Monday, February 25, 2008

Factual Errors

When they’re not making mistakes in their English, they’re getting their facts wrong.

Strangely, this writer (Sunday Times Lifestyle, 24 Feb 2008) didn’t seem to notice that the letters ‘UCL’ don’t spell ‘University of London’ (i.e. UOL):

That’s because ‘UCL’ stands for ‘University College London’ (which is a college of the UOL).

Her colleague, on the other hand, is seemingly so overwhelmed by a list of three disciplines (‘philosophy, economics, politics’) that she na├»vely assumes her interviewee, the Indian writer Vikram Seth, must have done multiple degrees (Sunday Times Lifestyle, 24 Feb 2008):


The PPE (Philosophy, Politics, and Economics) is, in fact, a single degree at Oxford.
Bad Grammar

‘Stomp editor Serene Siew said everyone could play a part in identifying and highlighting poor usage of English. She added: “It satisfies our innate curiosity to correct faux pas by well- known [sic] establishments, which are supposed to have vetted their documents and posters beforehand” (Straits Times, 30 August 2007).

Erm, isn’t the Straits Times a ‘well-known establishment’ … or are they simply exempt from having to correct their own faux pas (of which there are countless, as copiously identified and highlighted in this blog)?

Compare the following subheading (ST Life!, 3 October 2007), where the obviously well-educated sub-editor fails to understand that unwelcome (not unwelcomed) is the usual adjectival form …


… with this banner hanging outside a coffee shop in Jurong West — hardly a ‘well-known establishment’ by any stretch of the imagination — written in perfectly grammatical English by someone who knows that the correct adjectival forms are open and welcome (not opened and welcomed):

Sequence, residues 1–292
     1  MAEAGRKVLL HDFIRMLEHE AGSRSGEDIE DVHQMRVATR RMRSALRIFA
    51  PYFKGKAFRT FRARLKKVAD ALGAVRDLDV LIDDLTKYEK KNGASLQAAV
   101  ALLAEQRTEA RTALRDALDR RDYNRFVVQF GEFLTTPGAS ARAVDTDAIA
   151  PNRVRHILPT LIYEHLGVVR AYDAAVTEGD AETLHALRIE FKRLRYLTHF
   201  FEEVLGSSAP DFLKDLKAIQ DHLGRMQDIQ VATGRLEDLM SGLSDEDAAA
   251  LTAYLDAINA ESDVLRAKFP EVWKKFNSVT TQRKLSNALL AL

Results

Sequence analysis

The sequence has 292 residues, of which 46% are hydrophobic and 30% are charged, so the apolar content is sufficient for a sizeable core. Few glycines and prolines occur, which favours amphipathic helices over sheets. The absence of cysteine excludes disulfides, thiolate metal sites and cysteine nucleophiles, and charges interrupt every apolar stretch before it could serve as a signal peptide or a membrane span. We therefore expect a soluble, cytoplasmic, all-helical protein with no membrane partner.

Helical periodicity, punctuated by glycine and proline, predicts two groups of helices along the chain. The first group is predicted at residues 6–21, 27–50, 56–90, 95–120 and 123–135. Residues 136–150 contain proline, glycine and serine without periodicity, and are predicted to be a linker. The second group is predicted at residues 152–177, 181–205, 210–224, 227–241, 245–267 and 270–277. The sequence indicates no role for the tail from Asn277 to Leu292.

Does the ST have higher editorial standards than our Jurong West coffee shop ... and should it be publishing a guide to good English? You decide.

Monday, February 11, 2008

Curt Lion

‘A little further back. PLEASE!’

Whoa, Singa the Courtesy Lion sounds angry. REALLY angry.

To convey the request politely, please needs to be in lowercase (so as not to imply shouting or exasperation), and the full stop before it should be replaced with a comma: A little further back, please!
Either…Or


‘Every dish in this restaurant is either grilled, roasted or baked in a wood fire oven’ (subheading, Sunday Times Lifestyle, 10 February 2008, p. 26).

Careless sub-editor?

The correlative conjunctions either…or and neither…nor may be used with only two options, but in the above example there are three (grilled, roasted, baked).

Simply omit the word either — it serves no purpose anyway.
Numbers and Hyphens

Seen in a Gap store window.

Nineteen-Sixty Nine is wrong. Make it Nineteen Sixty-Nine.

(If we want to be really pedantic, we need a hyphen here also: 14-oz. boxes. That’s because 14-oz. is being used as a premodifying adjective: it precedes and describes the noun boxes.)